Judith Fox

Nana and Narrow-Leaf Cattails

Limelighted by sun, tiny spores

finer and whiter than my grandmother’s hair


hitch a ride on a blackbird’s tail

before falling and rooting starchy shoots below


giving birth to reeds that line the marshy path

I tracked with my mother’s mother


my hand in hers, then hers in mine

her fluffy-seed hair tucked under a straw hat


her dancing-on-the-piano-flapper-flare

slowed, I’m told, by the death of her young son.


Nana. Who modeled a love that flowed without hitch,

orbited parental noes and whirled in the direction of yes.


You were so fine

urbane, an old-world gentleman.

One of your grandfathers

planted olive trees on Syrian hills—

those his large, capable hands


I saw at the ends of your wrists?

Yours were strong hands,

clever hands, scrubbed hands

that held scalpels and removed tumors.


And man, Ed, you were sexy—

more so because you didn’t know.

And smart: even in the throes of dementia

you still proofed my poems.


Malibu Daybreak

Propelled by the moon, ocean waves roll

and unroll

beneath my rented cottage

gently sway

the timbers of its battered posts.


I wake early to a beach cleansed

and swept throughout the night.

Returned, burnished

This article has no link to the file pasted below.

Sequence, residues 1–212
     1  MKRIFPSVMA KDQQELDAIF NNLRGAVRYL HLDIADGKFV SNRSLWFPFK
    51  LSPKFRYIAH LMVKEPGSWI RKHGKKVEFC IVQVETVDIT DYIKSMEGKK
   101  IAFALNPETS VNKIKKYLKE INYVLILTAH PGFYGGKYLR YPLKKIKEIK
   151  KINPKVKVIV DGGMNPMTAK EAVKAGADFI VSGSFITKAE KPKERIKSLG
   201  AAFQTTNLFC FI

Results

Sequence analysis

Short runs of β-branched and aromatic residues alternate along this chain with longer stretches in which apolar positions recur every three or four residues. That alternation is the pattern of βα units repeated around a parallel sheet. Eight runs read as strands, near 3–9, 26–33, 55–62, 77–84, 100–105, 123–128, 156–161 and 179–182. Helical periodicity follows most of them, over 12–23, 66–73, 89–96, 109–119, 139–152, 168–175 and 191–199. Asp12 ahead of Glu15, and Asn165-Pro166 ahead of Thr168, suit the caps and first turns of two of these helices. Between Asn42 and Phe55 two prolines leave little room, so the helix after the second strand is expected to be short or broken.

to a pair of egrets in the hush before dawn.


In the east, over the cliffs

pink light intensifies before shading to yellow

as the sun crowns, emerges.

I turn, invert the plastic bag in my hand,

consign my husband’s ash to the sea.


Tomorrow I’ll wake to a beach cleansed

and swept.

A pair of egrets will stand together,

still. I’ll stroll the shoreline, currents will ripple

over my feet.

Judith Fox’s writing has been published in national magazines, but it was the spare text she wrote for her photography book, I Still Do: Loving and Living with Alzheimer’s, that rekindled her interest in studying and writing poetry. (The book was named “one of the best photography books of 2009” by Photo-Eye Magazine.) Fox is also a fine art photographer with work in the permanent collections of six museums including LACMA and the Virginia Museum of Fine Arts. She is working on a collection of poems currently titled: Sailing Stones. One of her poems is a finalist for Spring 2022 Bellevue Literary Review poetry contest. http://www.judithfox.com

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